Sutton: Gateway to America conference
Hon Jim Sutton Member of Parliament for Aoraki
Minister of Agriculture, Minister for Trade Negotiations, Minister for Biosecurity, and Associate Minister for Rural Affairs
12 August 2005
Gateway to America conference,
Thank you, Ladies and Gentlemen, I am delighted to be here today.
The United States of America is not only the world's only superpower, it is the world's greatest economic superpower, the world's richest consumer market, and its greatest supplier of intellectual property.
I imagine there has been a lot of talk today about an FTA between the US and New Zealand - that's an important trade priority for this government and something that would benefit business in both countries. As Phil Goff explained this morning, we are going to keep working on getting into FTA negotiations with the US.
There are significant barriers to trade with the United States, particularly in the area of quotas. I've talked in the past of the quota on New Zealand chocolate - one kilo of normal chocolate a year and one kilo of low-fat chocolate a year.
The United States is a mature market, and I know our clothing industry and manufacturing sector see some significant potential there for a trade agreement.
At the same time it's worth reflecting that the really big returns - for both NZ and the US - will come from a successful conclusion to the World Trade Organisation's Doha Development Agenda negotiations. That's one of the key challenges - for the United States - but equally for New Zealand.
No single bilateral
can match the potential opportunities for business that we get from global trade liberalisation. It is the equivalent of conducting bilateral negotiations with 147 other partners.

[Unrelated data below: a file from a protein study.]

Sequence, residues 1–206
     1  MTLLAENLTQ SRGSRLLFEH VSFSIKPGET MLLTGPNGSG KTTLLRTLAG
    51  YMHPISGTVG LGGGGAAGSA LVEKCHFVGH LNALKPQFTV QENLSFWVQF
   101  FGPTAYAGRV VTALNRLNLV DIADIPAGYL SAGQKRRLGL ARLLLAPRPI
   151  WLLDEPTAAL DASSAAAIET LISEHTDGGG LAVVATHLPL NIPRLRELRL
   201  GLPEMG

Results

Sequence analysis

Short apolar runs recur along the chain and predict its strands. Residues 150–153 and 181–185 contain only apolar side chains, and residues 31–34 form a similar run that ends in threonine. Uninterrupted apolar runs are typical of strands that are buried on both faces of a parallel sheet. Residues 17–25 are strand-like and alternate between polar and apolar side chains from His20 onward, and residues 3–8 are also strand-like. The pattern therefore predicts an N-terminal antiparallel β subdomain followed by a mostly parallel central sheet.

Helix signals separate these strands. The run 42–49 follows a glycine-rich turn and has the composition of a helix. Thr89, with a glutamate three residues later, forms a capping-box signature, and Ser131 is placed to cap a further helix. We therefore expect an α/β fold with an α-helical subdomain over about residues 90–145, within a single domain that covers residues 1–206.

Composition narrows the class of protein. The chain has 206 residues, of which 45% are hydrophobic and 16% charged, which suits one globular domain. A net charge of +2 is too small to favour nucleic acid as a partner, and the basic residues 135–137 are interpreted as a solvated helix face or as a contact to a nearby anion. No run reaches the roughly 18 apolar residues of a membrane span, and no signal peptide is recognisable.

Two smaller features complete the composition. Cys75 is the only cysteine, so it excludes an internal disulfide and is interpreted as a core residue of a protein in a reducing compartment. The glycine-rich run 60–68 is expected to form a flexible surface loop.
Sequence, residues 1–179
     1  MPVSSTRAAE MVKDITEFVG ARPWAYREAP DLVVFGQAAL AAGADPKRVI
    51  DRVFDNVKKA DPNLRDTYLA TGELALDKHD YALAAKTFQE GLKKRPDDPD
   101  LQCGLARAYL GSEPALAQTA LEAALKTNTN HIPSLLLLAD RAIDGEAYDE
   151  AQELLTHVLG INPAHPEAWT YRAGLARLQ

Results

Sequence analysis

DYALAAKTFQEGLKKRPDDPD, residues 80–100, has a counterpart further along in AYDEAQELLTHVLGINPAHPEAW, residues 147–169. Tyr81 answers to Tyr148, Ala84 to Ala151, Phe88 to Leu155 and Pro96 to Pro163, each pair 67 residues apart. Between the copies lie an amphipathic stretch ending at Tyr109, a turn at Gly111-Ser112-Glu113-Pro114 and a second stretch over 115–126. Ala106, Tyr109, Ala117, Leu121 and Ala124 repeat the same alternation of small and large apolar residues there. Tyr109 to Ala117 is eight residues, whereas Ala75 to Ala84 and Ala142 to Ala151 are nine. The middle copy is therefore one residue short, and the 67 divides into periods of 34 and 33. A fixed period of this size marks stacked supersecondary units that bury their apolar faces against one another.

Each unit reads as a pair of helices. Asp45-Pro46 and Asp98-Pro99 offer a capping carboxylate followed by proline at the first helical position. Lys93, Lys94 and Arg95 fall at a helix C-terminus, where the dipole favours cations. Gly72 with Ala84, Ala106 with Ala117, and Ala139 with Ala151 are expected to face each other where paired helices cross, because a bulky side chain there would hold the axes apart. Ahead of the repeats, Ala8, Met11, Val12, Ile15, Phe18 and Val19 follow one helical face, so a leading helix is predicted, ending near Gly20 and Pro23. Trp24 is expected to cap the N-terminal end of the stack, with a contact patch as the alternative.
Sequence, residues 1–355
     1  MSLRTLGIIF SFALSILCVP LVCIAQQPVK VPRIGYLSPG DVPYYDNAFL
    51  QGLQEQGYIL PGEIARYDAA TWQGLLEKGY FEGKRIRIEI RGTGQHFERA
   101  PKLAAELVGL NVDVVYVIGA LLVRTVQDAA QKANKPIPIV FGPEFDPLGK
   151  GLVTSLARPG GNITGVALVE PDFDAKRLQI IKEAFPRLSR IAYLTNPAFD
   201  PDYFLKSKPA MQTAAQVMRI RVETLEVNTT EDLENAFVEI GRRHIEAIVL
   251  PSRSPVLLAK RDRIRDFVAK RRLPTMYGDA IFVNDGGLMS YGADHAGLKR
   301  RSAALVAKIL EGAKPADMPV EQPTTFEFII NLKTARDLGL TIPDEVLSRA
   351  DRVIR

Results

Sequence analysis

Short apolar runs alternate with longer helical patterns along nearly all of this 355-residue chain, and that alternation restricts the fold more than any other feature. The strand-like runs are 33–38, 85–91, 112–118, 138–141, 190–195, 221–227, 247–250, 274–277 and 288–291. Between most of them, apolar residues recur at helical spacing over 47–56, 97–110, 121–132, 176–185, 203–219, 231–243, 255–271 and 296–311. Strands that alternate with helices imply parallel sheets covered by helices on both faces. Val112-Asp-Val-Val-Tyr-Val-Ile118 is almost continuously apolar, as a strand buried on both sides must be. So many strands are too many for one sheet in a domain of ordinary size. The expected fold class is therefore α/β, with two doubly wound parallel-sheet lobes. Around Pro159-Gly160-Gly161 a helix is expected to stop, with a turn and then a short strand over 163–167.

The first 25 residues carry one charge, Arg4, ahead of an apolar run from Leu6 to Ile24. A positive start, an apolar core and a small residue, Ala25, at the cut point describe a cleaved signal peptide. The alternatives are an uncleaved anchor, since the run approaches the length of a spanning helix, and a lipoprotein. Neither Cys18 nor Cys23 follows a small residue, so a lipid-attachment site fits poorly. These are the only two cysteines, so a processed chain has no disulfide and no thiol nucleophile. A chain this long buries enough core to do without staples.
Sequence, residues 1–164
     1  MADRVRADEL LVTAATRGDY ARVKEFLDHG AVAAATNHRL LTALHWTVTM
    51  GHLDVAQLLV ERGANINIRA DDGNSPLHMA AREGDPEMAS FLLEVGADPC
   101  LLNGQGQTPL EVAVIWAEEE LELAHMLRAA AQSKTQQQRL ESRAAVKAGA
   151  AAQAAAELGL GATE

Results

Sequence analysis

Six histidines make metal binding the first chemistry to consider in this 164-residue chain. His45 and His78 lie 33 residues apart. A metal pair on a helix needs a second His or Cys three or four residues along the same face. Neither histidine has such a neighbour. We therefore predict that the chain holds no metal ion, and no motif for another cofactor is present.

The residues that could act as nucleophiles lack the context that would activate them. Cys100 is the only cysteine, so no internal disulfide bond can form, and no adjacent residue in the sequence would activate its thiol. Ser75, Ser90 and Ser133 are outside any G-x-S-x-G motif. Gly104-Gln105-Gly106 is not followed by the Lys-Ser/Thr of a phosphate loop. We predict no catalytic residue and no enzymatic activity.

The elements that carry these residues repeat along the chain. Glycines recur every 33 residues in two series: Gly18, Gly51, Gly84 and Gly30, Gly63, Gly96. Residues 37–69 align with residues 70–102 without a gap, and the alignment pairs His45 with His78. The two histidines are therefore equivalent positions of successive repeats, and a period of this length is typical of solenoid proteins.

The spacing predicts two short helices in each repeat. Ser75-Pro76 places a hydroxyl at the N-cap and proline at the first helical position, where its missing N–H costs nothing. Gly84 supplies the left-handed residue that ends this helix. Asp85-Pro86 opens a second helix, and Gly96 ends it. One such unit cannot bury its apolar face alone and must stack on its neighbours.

There are also things that we can address only through a multilateral agreement rather than bilaterally, such as the removal of export subsidies on agricultural produce.
It's pretty easy to see why the WTO negotiations are New Zealand's number one trade priority. A recent report showed that NZ gained $9 billion of GDP and 16,000 jobs as a result of the last round of WTO negotiations - the Uruguay Round.
The United States has an obvious and essential leadership role in the WTO negotiations and New Zealand is often a bridge builder. These complementary roles make for a very strong WTO relationship.
I know from discussions I've had with him that US Trade Representative Rob Portman is also committed to seeing progress made. I've also met with the new Agriculture Secretary Mike Johanns, and I will see him again when he comes to New Zealand in little over a week. He is a former governor of a farm state who is passionate on the need for free and fair trade in farm products.
Secretary Johanns visit will provide a very useful opportunity to talk about the state of the current WTO negotiations - in particular the agriculture negotiations. It's crucial that the big players show leadership over the coming months.